The Hiroshima Panels
The Hiroshima Panels (I)-(XIV) are on display permanently at Maruki Gallery.
* The Hiroshima Panels (XV) “Nagasaki” is on display at the Nagasaki Atomic Bomb Museum.
We lost our uncle to the atomic bomb. Two young nieces were killed. Our younger sister suffered burns, and our father died after six months. Many friends and acquaintances perished. Iri left for Hiroshima on the first train from Tokyo, three days after the bomb was dropped. Toshi followed a few days later. Just over two kilometers from the center of the explosion, the family home was still standing.
But the roof and roof tiles and windows were blown away by the blast, along with pans, bowls, and chopsticks from the kitchen. Even so, the burned structure remained, and large numbers of injured people had gathered there and lay on the floor from wall to wall. We carried the injured, cremated the dead, searched for food, and found scorched sheets of tin to patch the roof. With the stench of death and flies and maggots all around us, we wandered about just as those who had experienced the bomb.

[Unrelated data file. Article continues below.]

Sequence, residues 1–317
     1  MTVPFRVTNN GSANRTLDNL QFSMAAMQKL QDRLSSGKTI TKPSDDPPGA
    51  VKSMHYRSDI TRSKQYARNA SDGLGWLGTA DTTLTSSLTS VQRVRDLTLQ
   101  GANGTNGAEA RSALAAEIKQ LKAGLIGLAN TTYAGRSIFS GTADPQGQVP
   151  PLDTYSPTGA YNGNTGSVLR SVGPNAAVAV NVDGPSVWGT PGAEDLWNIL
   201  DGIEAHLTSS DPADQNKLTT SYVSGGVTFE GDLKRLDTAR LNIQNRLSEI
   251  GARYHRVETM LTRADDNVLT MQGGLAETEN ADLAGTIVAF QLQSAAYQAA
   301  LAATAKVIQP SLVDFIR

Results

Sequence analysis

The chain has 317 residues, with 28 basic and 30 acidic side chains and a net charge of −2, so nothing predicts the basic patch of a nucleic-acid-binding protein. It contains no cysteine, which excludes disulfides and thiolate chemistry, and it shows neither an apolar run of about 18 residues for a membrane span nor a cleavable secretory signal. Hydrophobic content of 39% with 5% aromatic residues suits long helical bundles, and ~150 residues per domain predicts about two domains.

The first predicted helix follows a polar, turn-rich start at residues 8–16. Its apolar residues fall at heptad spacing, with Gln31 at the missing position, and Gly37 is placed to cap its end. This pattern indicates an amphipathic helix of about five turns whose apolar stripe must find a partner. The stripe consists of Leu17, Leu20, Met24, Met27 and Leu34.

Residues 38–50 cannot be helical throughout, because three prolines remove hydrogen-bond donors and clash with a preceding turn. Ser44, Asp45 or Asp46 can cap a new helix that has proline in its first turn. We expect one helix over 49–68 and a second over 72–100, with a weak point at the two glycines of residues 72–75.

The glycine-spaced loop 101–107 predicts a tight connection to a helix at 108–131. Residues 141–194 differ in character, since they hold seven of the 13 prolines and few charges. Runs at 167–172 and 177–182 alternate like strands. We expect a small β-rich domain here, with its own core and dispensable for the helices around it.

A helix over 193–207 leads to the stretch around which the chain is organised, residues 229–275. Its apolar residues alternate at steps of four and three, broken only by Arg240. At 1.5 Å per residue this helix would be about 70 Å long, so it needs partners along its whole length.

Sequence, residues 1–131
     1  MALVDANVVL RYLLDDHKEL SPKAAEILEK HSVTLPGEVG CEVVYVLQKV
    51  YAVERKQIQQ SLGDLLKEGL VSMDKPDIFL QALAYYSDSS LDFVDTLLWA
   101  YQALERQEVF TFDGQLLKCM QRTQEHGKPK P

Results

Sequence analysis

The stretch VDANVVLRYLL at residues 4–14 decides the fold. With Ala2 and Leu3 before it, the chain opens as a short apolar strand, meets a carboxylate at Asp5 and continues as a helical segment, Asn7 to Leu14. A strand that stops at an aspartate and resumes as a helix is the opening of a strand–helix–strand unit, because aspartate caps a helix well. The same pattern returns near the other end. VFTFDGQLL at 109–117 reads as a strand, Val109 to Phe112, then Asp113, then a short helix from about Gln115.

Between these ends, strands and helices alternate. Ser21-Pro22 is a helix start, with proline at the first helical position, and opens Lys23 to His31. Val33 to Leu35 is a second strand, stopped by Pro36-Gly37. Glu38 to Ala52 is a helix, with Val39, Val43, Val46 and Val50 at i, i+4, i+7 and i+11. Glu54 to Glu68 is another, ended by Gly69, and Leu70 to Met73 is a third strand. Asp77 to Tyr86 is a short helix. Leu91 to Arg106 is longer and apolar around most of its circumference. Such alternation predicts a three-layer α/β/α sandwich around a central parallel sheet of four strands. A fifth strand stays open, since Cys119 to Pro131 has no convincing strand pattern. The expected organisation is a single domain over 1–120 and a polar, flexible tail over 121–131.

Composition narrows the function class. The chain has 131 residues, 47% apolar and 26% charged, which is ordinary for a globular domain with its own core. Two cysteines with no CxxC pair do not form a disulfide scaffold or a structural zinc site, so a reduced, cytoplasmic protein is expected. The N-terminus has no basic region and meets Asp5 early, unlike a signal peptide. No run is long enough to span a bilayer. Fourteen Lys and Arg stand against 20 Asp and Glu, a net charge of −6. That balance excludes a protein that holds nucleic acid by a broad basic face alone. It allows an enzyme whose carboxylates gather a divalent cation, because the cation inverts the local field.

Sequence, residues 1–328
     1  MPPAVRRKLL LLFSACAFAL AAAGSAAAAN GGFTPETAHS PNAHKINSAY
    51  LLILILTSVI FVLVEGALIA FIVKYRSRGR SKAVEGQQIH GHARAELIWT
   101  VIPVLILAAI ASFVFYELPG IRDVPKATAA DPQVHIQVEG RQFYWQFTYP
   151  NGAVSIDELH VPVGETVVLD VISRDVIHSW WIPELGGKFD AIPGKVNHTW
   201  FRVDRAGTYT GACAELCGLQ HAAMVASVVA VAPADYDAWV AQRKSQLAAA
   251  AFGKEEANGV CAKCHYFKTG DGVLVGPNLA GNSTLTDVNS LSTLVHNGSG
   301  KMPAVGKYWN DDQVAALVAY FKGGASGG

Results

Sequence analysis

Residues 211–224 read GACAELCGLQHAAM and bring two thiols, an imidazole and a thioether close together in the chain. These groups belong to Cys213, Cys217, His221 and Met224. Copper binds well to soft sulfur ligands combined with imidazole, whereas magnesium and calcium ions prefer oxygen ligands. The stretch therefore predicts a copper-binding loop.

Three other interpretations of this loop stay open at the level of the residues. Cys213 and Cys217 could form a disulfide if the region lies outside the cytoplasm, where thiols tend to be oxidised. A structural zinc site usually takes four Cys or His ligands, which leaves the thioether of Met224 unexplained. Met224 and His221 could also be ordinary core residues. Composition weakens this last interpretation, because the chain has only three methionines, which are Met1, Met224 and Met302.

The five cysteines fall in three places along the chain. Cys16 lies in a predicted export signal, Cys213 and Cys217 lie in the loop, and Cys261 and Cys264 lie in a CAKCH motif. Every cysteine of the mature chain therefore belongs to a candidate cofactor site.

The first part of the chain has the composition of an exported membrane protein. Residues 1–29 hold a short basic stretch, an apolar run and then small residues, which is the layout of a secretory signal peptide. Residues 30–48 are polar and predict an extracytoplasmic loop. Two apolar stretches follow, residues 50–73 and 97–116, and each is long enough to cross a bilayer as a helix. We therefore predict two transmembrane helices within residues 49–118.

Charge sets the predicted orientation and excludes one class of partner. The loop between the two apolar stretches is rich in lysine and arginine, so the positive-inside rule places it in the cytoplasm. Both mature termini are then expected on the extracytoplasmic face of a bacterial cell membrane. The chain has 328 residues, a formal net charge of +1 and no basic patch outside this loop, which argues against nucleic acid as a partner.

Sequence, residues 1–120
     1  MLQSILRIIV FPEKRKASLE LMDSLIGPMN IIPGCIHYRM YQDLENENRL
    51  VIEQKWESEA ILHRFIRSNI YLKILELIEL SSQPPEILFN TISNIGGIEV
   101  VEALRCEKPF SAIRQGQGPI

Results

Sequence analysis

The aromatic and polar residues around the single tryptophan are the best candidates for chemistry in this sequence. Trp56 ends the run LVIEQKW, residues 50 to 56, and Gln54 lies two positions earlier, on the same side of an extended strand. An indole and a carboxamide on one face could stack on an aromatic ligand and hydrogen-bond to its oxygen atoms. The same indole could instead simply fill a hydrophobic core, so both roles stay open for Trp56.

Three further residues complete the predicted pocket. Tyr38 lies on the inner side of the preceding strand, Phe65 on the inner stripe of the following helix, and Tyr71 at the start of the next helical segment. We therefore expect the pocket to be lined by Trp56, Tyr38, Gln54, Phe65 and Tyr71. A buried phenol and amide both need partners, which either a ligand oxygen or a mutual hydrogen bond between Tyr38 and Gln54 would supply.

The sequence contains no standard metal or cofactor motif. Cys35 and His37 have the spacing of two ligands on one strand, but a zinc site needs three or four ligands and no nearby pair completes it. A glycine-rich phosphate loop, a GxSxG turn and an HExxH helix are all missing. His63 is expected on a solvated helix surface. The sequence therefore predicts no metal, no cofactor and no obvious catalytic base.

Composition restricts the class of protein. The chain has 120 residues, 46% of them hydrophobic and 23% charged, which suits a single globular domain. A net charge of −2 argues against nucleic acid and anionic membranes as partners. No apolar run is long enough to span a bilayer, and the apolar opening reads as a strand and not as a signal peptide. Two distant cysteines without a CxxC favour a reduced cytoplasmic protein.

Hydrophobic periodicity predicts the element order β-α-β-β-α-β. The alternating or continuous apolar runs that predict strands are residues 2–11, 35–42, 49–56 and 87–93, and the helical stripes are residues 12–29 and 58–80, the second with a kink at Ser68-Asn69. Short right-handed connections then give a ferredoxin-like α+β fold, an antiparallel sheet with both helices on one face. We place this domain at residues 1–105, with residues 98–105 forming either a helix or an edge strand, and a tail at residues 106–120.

In the beginning of September, we returned Tokyo, and we learned for certain that the war had ended. In Hiroshima, we had lost the strength to think about whether the war had ended or not. Three years passed before we began to paint the Hiroshima Panels. We stripped our clothing to recall images from that time and draw them, and others agreed to pose for us because we were painting the atomic bomb. We began thinking how a 17-year-old girl had a life span of 17 years, how the life of a 3-year-old child had lasted three years.
We painted some nine hundred human figures, including the sketches, for the first painting. We thought we had painted a large number, but as many as 140,000 people died in Hiroshima. As we continued painting, praying for the souls of the dead in the hope that it will never happen again, we realized that even if we painted all our lives, we could never paint them all. One atomic bomb in one instant caused the deaths of more people than we could ever portray. Longlasting radioactivity and radiation sickness are causing people to suffer and die even now. This was not a natural disaster. As we painted, through our paintings, these thoughts ran through our minds.
Boys and Girls
Mother and Child
Death of the American Prisoners of War
In the Collection of Nagasaki Atomic Bomb Museum